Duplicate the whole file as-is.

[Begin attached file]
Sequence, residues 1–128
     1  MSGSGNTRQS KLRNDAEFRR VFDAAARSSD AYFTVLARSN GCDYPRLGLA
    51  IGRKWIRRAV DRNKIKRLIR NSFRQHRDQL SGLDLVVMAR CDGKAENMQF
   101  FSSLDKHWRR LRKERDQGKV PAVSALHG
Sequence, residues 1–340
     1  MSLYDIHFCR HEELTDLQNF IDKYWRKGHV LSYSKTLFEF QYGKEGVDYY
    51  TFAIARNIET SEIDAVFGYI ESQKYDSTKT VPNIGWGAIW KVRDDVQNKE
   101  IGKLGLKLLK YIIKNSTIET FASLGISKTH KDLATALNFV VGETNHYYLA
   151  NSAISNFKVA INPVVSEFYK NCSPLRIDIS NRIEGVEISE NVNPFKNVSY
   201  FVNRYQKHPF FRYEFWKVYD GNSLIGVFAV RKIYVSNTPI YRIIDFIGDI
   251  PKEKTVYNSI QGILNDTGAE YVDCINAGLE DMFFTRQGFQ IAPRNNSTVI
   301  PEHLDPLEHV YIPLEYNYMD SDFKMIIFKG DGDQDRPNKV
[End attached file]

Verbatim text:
Sequence, residues 1–128
     1  MSGSGNTRQS KLRNDAEFRR VFDAAARSSD AYFTVLARSN GCDYPRLGLA
    51  IGRKWIRRAV DRNKIKRLIR NSFRQHRDQL SGLDLVVMAR CDGKAENMQF
   101  FSSLDKHWRR LRKERDQGKV PAVSALHG
Sequence, residues 1–340
     1  MSLYDIHFCR HEELTDLQNF IDKYWRKGHV LSYSKTLFEF QYGKEGVDYY
    51  TFAIARNIET SEIDAVFGYI ESQKYDSTKT VPNIGWGAIW KVRDDVQNKE
   101  IGKLGLKLLK YIIKNSTIET FASLGISKTH KDLATALNFV VGETNHYYLA
   151  NSAISNFKVA INPVVSEFYK NCSPLRIDIS NRIEGVEISE NVNPFKNVSY
   201  FVNRYQKHPF FRYEFWKVYD GNSLIGVFAV RKIYVSNTPI YRIIDFIGDI
   251  PKEKTVYNSI QGILNDTGAE YVDCINAGLE DMFFTRQGFQ IAPRNNSTVI
   301  PEHLDPLEHV YIPLEYNYMD SDFKMIIFKG DGDQDRPNKV